Porthouse points out that the Government has done great work with the sector on a System Transformation to give people with disabilities more decision-making and create better lives, “so these recommendations seem a backwards step”.

“The biggest failing is that people with disabilities were not consulted at all, and that is very apparent in the report.”

Down syndrome self-advocate Caroline Quick says disabled people have been excludes from this review.

Caroline Quick is member of the NZDSA’s self-advocacy leadership group STRIVE and is concerned that the review is not available in an easy read format.

“This means that many disabled people will not be able to read what impact the report will have on their lives, will not be able to respond to the proposals and are excluded from participation,“ says Quick.

Porthouse says that the review recognises the importance of  Māori having their own Authority, but fails to pay the same respect to people with disabilities who make up 24% of the population.

“We strongly urge the Government to set up a separate Disability Authority that represents all sections of the disability sector.”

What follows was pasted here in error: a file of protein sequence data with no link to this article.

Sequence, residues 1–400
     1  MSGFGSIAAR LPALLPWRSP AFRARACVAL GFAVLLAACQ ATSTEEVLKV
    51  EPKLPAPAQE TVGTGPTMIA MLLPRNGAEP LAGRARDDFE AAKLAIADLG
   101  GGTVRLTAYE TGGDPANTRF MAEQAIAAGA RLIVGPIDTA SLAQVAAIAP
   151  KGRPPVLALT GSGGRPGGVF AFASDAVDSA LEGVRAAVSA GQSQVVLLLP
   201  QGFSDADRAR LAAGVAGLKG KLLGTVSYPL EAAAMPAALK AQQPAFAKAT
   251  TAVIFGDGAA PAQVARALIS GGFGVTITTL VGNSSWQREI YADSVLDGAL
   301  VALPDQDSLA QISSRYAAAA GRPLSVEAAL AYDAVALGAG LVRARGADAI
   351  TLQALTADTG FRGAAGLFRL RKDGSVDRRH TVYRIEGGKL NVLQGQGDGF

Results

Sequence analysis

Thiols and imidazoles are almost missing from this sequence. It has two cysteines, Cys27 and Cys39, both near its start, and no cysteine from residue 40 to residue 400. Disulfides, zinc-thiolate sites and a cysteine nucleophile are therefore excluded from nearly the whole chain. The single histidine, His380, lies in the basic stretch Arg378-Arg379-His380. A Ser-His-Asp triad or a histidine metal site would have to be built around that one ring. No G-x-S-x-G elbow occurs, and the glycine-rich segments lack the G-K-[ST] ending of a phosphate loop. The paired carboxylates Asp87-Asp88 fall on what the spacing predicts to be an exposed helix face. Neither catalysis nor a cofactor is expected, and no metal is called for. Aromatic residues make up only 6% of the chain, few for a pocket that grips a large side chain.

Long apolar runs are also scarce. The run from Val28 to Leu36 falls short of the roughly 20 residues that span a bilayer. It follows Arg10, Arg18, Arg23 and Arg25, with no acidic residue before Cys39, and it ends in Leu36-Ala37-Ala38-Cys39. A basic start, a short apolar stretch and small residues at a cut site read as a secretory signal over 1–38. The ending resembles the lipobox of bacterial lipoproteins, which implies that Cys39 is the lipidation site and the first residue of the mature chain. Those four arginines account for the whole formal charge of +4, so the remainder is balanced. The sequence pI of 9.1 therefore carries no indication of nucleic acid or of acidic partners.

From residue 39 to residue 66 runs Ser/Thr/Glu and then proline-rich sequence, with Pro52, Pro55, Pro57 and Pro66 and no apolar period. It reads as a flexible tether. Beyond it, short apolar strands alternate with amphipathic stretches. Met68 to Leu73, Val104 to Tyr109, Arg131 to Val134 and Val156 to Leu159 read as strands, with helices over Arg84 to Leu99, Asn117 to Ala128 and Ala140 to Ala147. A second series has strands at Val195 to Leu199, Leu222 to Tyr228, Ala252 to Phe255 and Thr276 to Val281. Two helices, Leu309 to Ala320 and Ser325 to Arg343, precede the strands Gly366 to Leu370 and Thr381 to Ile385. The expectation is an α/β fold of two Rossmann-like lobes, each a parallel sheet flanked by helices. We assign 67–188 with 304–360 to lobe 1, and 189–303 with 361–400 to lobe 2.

She says a Disability Authority would be a natural progression of the System Transformation pilot program which, with the inclusion of people with disabilities, their whānau and service providers, has already created high-level policy design and implementation.

“That program shows that strong collaboration between the disability sector and Government has enabled the implementation of the Enabling Good Lives principles for thousands of New Zealand’s with a disability,” says Porthouse.

“In 2020 people with disabilities are dynamic and want to create independent and meaningful lives and be involved in making the decisions that impact their lives.

“However, by burying disability services within DHBs without adequate inclusion of disabled people on governing boards, this review instead upholds the archaic view of disability being an illness and the disabled being incapable,” says Porthouse.

“This will leave the disabled wilting in unfulfilled lives, unable to reach their potential. I’m sure this is not where a progressive New Zealand wants to be.”

We Decide.

That is the message people with Down syndrome want New Zealanders to hear loud and clear.

Far too often people with Down syndrome have their decisions made for them, even when they are very capable of making their own choices.

In many cases they are not consulted over the hundreds of small decisions made each day or even the big, life-changing decisions.

“Those decisions make us who we are, but the reality for many people with Down syndrome is that other people are making small as well as significant decisions for them,” Zandra Vaccarino, National Executive Officer of the New Zealand Down Syndrome Association (NZDSA).

Imagine if someone decided when you get up, what you eat, where you go to school, what you do with your money, who your friends are and even the romances you have. For most of us that would be impossible to imagine but for many people with Down syndrome this is their daily reality.